The proprietor, a kindly woman who always gave more than good value when dishing out the sweets to the kids, had been behind the counter through many decades. When the kids were small they used to ask in a kind of mischievous way: “Has Mary been around forever.”

Time does seem to go slower when the early school years are being enjoyed (ground out in my day) but Mary just seemed to have been an everlasting presence in their young lives. When she eventually passed away – very peacefully and quietly in keeping with her manner through life – the kids had of course grown up but the image of the sweet seller (more often a giver than a seller) has never left their mind’s eye.

A couple of weeks back as I watched an RTE Nationwide special on Seán Ó Riada, the same thought crossed my mind when I heard Seán Ó Sé’s rendition of An Poc ar Buile, a song that would put even the most depressed contrarian into a bout of good humour.

It reminded me of a time fadó, fadó (that line is getting increasingly more common in my rambles) during the 1960s when the radio, and most notably Raidió Éireann, were really the only provider of news, entertainment and the odd weather forecast that penetrated into the kitchens of Irish homes. While television had officially arrived in Ireland, in reality, it had only penetrated into a very small number of homes.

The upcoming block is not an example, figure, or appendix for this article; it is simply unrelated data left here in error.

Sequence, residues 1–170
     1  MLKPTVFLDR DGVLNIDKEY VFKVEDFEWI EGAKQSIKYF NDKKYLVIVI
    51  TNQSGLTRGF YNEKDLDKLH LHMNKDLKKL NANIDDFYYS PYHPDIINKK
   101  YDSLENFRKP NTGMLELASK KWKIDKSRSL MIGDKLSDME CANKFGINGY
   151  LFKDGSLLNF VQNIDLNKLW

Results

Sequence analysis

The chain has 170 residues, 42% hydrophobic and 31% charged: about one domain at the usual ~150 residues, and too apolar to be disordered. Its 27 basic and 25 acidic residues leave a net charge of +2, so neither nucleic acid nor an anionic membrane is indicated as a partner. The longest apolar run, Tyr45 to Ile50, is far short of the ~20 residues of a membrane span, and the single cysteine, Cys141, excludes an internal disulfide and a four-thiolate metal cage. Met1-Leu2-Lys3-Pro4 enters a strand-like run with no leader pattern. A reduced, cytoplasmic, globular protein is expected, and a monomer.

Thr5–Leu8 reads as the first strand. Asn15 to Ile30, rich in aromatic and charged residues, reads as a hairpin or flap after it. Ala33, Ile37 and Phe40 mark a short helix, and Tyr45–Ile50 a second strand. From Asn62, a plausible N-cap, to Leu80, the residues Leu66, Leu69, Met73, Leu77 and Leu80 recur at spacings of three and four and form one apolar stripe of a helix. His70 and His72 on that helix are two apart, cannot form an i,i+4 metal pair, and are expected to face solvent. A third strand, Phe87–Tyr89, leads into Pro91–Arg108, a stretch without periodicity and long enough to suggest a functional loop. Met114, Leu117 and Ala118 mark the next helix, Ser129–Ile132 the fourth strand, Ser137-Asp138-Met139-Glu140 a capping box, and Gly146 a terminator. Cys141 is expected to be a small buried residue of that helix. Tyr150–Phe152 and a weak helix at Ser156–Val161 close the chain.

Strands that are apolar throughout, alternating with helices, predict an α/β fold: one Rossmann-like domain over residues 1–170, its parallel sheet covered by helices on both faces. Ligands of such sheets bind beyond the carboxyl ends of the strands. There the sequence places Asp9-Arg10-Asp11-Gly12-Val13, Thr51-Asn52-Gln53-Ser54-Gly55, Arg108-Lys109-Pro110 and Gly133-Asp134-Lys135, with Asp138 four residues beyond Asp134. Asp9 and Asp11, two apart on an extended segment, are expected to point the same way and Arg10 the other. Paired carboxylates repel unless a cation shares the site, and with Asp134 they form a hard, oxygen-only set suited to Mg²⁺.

For more, read this week’s Connacht Tribune.

Connacht Tribune Digital Edition App

Download the Connacht Tribune Digital Edition App to access to Galway’s best-selling newspaper.

Click HERE to download it for iPhone and iPad from Apple’s App Store, or HERE to get the Android Version from Google Play.

Or purchase the Digital Edition for PC, Mac or Laptop from Pagesuite  HERE.

Get the Connacht Tribune Live app
The Connacht Tribune Live app is the home of everything that is happening in Galway City and county. It’s completely FREE and features all the latest news, sport and information on what’s on in your area. Click HERE to download it for iPhone and iPad from Apple’s App Store, or HERE to get the Android Version from Google Play.

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Country Living

Hoping that our lights stay shining in the years to come

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What powers the power?

Country Living with Francis Farragher